Hurricane Harvey

What To Do If Hurricane Harvey Damaged Your Property

New Laws Impact on Harvey

This outlines the immediate impact of the new Texas insurance law that goes into effect September 1, 2017 on Hurricane Harvey claims.  The law in effect today provides for an 18% per annum penalty if an insurance company delays in payment.  Under current law, you can also recover your attorney’s fees on the amounts recovered.

The new law will drop prompt pay to less than 10%.  This significantly lowers the insurance company’s incentive since they are able to make money on your money as they delay.  Additionally, the new law makes it much more difficult to obtain attorney’s fees.  The new law also allows the insurance company to remove the case to federal court where they customarily have a better outcome.

In order to avoid the new law in its entirety, suit must be filed before September 1, 2017.  This will not be possible for Hurricane Harvey claims because the insurance company has not done anything wrong yet.

However, if you put the insurance company on written notice that you are making a claim under your policy before September 1, 2017, the part of the new statute that lowers the prompt pay penalty will not apply.  In other words, if you notify your carrier by Thursday, the carrier faces an 18% penalty for not paying your claim fairly and promptly.  If you place them on notice on Friday or later, the insurance company will benefit significantly.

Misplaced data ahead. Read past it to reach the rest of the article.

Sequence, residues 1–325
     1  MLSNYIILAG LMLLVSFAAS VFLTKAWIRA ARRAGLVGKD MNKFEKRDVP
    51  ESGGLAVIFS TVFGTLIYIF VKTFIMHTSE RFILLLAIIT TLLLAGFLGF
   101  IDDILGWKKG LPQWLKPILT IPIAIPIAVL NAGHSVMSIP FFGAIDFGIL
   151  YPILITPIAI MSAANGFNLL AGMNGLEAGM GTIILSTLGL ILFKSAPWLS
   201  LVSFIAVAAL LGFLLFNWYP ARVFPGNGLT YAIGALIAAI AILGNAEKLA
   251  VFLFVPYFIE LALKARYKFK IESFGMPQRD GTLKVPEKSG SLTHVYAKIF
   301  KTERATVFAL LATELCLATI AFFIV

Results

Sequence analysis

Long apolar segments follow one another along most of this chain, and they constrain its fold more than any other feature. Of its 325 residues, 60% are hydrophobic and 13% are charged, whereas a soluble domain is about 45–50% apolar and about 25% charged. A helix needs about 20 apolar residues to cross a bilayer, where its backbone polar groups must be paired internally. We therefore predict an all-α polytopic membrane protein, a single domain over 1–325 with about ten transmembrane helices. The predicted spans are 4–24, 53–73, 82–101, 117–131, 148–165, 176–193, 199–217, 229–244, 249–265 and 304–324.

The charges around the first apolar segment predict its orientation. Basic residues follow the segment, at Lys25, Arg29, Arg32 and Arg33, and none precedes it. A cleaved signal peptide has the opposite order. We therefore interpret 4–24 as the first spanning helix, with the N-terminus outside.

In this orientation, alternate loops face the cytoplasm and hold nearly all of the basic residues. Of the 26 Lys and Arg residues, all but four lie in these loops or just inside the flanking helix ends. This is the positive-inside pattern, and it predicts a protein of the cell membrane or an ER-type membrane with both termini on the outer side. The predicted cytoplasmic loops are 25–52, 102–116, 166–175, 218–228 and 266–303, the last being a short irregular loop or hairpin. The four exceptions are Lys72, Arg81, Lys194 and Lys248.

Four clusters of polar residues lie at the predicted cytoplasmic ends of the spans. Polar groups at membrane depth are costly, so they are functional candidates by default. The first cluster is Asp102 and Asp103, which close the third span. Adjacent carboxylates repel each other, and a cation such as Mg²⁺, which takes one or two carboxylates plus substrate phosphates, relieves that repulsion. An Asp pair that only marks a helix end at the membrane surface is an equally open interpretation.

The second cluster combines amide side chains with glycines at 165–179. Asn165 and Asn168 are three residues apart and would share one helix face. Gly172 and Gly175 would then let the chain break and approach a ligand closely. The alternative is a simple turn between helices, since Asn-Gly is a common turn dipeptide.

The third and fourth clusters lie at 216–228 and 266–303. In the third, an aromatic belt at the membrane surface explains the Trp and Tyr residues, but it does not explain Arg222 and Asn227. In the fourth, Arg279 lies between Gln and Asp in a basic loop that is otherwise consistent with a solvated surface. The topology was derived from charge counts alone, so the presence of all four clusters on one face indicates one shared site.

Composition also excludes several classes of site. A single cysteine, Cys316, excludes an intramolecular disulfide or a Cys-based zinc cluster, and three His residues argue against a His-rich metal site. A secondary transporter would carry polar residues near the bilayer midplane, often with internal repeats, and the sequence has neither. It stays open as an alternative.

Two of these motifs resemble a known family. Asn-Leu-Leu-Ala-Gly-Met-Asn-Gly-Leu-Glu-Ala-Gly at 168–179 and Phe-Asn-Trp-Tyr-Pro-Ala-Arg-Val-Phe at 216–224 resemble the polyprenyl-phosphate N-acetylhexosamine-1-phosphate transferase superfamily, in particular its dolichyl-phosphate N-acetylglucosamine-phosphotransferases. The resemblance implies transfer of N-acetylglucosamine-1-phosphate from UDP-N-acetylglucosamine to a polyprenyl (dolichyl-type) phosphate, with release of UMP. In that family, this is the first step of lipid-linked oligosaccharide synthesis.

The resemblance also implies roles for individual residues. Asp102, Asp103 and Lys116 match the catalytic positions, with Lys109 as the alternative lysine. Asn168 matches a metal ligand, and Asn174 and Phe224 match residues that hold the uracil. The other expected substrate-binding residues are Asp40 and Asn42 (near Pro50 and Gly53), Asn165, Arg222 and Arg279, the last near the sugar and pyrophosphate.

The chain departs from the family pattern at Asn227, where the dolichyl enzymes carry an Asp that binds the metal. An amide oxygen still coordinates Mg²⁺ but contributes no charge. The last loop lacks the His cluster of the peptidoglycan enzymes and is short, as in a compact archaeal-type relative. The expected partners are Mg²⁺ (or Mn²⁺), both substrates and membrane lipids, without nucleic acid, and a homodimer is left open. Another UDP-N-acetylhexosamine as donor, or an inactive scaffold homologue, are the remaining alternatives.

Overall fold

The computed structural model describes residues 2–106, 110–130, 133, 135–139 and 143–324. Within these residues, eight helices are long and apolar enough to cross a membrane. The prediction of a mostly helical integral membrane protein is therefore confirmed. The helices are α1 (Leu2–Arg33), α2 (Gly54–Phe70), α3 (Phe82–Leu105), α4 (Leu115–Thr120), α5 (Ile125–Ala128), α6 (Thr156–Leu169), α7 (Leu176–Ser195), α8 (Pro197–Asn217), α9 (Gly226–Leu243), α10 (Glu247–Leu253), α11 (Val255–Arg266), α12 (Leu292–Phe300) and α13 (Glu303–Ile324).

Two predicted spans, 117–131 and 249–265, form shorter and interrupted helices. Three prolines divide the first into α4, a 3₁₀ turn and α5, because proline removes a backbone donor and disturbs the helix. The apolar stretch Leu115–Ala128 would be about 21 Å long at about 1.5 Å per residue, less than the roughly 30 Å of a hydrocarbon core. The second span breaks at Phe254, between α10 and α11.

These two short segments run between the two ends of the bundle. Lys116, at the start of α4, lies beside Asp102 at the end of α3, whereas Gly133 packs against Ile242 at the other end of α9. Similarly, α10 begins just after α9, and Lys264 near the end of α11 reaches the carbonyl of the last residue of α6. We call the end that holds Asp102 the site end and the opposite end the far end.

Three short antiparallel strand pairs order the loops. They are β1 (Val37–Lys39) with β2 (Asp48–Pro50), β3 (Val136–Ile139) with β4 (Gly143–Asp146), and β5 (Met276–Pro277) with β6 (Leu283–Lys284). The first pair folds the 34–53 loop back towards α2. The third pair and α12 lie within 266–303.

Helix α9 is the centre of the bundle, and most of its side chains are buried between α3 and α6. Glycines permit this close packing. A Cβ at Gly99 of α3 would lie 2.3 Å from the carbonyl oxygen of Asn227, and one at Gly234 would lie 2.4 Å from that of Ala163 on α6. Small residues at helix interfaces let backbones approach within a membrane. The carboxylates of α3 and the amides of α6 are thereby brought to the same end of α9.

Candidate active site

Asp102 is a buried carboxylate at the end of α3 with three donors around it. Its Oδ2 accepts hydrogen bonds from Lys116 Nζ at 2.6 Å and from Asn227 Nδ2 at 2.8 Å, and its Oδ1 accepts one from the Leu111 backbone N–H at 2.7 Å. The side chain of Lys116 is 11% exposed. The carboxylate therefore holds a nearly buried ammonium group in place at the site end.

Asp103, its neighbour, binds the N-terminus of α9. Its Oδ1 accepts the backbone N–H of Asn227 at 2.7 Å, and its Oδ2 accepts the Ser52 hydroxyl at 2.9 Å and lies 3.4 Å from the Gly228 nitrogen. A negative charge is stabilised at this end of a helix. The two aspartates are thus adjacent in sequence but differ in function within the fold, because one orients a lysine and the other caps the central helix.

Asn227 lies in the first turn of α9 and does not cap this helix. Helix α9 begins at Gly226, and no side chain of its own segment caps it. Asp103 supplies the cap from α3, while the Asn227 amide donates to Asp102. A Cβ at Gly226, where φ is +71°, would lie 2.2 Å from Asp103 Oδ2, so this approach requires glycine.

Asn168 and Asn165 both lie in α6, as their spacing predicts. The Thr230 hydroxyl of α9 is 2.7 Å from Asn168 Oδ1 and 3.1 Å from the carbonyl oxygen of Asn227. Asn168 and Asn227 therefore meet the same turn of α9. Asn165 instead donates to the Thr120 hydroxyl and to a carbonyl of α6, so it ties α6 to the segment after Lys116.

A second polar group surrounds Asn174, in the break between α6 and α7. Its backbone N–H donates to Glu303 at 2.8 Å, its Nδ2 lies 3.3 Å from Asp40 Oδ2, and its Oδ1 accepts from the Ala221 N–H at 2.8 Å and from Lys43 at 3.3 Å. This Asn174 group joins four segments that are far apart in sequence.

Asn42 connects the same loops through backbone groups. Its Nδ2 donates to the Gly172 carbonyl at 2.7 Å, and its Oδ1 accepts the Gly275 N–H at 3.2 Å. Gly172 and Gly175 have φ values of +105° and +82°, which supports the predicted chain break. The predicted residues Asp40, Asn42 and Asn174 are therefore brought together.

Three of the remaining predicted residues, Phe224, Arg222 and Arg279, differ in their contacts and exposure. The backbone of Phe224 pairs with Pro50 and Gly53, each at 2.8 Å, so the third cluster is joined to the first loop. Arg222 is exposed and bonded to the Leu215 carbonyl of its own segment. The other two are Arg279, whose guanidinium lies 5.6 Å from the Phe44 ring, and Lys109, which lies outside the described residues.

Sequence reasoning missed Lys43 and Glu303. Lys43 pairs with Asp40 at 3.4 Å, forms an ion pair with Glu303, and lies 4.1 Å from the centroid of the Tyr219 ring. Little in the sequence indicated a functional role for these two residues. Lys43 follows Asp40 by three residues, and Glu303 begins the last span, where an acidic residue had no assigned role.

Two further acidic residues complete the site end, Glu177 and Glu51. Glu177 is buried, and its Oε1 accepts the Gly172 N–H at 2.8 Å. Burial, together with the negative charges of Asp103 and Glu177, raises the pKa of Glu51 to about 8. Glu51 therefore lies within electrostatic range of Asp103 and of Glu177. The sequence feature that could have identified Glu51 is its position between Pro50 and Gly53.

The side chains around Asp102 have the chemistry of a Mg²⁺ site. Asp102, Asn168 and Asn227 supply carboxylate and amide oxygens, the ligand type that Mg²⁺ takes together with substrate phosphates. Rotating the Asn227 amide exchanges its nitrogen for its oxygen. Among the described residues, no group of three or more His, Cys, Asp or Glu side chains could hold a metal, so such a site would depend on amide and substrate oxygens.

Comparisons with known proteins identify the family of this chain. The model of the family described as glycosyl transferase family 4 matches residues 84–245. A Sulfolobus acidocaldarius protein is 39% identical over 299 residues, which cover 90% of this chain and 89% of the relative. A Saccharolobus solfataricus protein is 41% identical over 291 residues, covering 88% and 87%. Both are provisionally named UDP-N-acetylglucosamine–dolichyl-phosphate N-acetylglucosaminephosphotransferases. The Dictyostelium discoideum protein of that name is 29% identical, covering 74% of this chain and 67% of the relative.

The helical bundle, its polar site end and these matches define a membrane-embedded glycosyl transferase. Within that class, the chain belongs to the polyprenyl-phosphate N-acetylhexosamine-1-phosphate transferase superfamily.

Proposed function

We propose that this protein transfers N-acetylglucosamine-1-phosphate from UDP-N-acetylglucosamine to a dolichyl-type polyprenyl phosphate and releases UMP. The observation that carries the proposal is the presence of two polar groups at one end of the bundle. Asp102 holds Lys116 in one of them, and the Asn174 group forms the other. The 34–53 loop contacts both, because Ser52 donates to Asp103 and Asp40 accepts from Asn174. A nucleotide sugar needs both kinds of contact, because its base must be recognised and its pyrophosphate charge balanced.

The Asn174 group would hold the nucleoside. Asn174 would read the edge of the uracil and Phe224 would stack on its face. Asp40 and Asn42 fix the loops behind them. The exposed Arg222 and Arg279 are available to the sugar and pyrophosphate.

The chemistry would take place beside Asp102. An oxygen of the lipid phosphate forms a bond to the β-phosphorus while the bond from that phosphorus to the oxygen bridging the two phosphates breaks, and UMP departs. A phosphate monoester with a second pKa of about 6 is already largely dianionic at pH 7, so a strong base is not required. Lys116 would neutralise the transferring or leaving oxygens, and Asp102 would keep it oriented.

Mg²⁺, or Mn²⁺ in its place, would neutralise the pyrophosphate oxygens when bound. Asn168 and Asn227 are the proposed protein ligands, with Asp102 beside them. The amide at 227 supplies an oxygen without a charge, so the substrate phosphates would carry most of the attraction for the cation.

What Kind of Insurance?

The new law does not apply to auto policies or government sponsored FEMA flood claims.  FEMA flood claims do not come with a penalty or the recovery of attorney’s fees.  Some rare property insurance policies insure for flood and are not government sponsored.  For those policies, the new state law applies and should be avoided by placing the insurance company on written notice before midnight, Thursday 8-31-17.  

If you are not certain how much of your damage is caused by wind or flood, you should give written notice by the August 31, 2017 deadline.  If you are not sure what kind of flood policy you have, you should do the same.  There is no down side from early notice.  

Harvey Claim Recommendations

  1. Email and write your insurance company and agent. State that you are putting them on notice of your claim pursuant to the law prior to HB 1774 to preserve your rights. Making a claim before the deadline on your carrier’s website or directly probably preserves your rights but a separate notice ensures protection.
  2. Flood insurance is not the same as homeowners’ insurance. Its government insurance administered by third parties. They have strict unforgiving rules. You must file a proof of loss within 60 days. I expect that to be extended, but use 60 days as the deadline until an extension is confirmed. After it is filed, you only have 60 days to supplement with additional damage. You will be held to the amount claimed in your final proof of loss from then on. The proof of loss is very important.